Can I dump new wort on old yeast?

Can I dump new wort on old yeast?

Post by fr.. » Thu, 26 Feb 2004 12:16:09



Following is part of an answer I got to a fermenter question.

"One benefit with using a secondary fermenter is that you can make a
New batch of wort the day you rerack your first batch, and dump the
new batch on-top of the yeast in the primary fermentor ~ talk about a
HUGE starter...instant fermentation :)"

Is this true?
I had thought that the trub on the bottom of the bucket was "dead"
yeast "bodies?" and that leaving them in contact with the wort would
impart off flavors.

Assuming I transfer from the primary fermenter after 5-7 days, would
the remaining trub contain "the mother of all yeast starters"?
Would I then be able to dump in a new wort mix and continue on my very
merry way?
Assuming of course that the wort was compatible with the existing
yeast "starter"

Thanks
Frank

 
 
 

Can I dump new wort on old yeast?

Post by SWalter » Thu, 26 Feb 2004 12:53:06


Quote:

> Is this true?
> I had thought that the trub on the bottom of the bucket was "dead"
> yeast "bodies?" and that leaving them in contact with the wort would
> impart off flavors.

Yes it is true and the yeast cells are not dead but actually kind of
dormant. The yeast cells drop like that after all fermentable sugars
have been consumed (if you will.) If you add more fermentable sugars
they will come out of dormancy and go back at it.

Quote:

> Assuming I transfer from the primary fermenter after 5-7 days, would
> the remaining trub contain "the mother of all yeast starters"?
> Would I then be able to dump in a new wort mix and continue on my very
> merry way?
> Assuming of course that the wort was compatible with the existing
> yeast "starter"

I've done this a few times now and I've found the best thing to do is
dump some of the trub out then swirl the carboy. After doing this dump
the remaining yeast into a sanitized growler (or jar of some sort.) Then
clean/sanitize the carboy and prior to putting in the new beer pour the
yeast sediment back into the carboy.

You will not want to do this for more than 2-3 brews and even less if
the brew is higher gravity as BIGGER beers put additional strain on the
yeast.

One way of getting an extra brew out of used yeast is I end up doing
what I explained above but using two different jars. One which I'll use
right away and the other will go in the fridge with some aluminum foil
over the jar for later use.

Oh...it's also a good idea to plan your brewing out so that the next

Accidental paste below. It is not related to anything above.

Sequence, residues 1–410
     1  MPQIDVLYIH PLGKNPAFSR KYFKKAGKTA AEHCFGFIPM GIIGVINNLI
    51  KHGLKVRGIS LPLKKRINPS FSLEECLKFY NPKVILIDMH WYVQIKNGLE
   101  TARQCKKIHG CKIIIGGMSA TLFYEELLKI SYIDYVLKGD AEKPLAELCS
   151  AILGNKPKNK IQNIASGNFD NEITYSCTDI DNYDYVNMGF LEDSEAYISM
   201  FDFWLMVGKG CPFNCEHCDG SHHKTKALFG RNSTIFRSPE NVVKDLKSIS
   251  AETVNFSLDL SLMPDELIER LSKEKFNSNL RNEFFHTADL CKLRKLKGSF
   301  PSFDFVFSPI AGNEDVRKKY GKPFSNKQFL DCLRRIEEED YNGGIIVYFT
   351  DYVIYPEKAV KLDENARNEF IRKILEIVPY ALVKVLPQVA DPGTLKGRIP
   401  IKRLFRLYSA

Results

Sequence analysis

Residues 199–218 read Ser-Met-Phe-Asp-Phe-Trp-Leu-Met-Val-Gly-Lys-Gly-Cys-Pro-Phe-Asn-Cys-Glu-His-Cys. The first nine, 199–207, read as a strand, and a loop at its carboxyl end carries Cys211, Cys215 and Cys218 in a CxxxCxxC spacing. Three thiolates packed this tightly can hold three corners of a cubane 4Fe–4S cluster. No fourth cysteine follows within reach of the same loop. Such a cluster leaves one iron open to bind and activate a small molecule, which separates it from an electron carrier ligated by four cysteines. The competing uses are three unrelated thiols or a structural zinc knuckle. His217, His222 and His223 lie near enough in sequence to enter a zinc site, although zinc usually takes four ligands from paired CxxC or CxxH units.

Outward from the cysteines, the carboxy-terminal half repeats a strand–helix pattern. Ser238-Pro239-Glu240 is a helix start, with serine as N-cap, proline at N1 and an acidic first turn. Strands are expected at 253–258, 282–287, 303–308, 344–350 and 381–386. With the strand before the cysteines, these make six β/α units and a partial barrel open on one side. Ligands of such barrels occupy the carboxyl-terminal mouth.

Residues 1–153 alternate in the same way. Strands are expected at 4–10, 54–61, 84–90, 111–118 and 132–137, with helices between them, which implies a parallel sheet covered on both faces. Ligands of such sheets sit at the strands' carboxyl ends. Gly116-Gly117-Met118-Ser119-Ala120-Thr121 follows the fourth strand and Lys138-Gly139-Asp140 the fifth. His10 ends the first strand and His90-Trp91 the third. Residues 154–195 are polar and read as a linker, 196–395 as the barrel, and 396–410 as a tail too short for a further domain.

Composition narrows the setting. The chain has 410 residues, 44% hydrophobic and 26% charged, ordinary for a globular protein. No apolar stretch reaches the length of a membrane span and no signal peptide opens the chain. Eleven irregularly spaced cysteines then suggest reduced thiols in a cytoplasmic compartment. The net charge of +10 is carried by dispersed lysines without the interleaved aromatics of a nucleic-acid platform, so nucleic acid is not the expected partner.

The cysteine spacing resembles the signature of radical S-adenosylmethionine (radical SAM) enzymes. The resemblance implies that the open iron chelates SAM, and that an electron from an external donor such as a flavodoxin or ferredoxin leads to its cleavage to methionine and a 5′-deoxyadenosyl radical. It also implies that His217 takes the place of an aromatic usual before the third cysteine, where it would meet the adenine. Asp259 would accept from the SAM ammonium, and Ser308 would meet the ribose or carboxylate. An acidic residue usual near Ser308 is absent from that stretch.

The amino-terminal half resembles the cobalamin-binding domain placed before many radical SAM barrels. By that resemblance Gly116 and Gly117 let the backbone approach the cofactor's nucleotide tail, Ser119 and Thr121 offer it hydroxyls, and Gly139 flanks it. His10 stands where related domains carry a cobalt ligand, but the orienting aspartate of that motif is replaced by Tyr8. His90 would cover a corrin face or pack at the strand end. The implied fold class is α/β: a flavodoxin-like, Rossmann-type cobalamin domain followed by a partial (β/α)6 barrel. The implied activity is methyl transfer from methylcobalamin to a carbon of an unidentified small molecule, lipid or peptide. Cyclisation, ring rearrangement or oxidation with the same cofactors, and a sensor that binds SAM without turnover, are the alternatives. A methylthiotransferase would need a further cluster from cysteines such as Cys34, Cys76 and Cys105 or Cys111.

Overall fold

beer that you'll make from the yeast cake prior will be a higher
gravity. ex... I'd use a California Yeast to brew a Cream Ale the use
the yeast cake to brew an IPA (1.060-70) then use that yeast cake to
brew a barley wine (1.080-100.) After this you should just dump the
remains.

 
 
 

Can I dump new wort on old yeast?

Post by Todd Enlun » Thu, 26 Feb 2004 13:32:38


I always do just this when I make a Barleywine.  I'll be doing another
batch of Neuralyzer later this week... prolly Friday.

Nothing get a Barleywine kicking like a 5 gallon starter :-)

Quote:

>Following is part of an answer I got to a fermenter question.

>"One benefit with using a secondary fermenter is that you can make a
>New batch of wort the day you rerack your first batch, and dump the
>new batch on-top of the yeast in the primary fermentor ~ talk about a
>HUGE starter...instant fermentation :)"

>Is this true?
>I had thought that the trub on the bottom of the bucket was "dead"
>yeast "bodies?" and that leaving them in contact with the wort would
>impart off flavors.

>Assuming I transfer from the primary fermenter after 5-7 days, would
>the remaining trub contain "the mother of all yeast starters"?
>Would I then be able to dump in a new wort mix and continue on my very
>merry way?
>Assuming of course that the wort was compatible with the existing
>yeast "starter"

>Thanks
>Frank

--

Todd Enlund
http://www.photografik.net/lonelyneuron/

     "Bandits at 3 O'Clock"
     "Roger.  What should I do 'till then?"

 
 
 

Can I dump new wort on old yeast?

Post by John 'Shaggy' Kolesa » Fri, 27 Feb 2004 00:14:36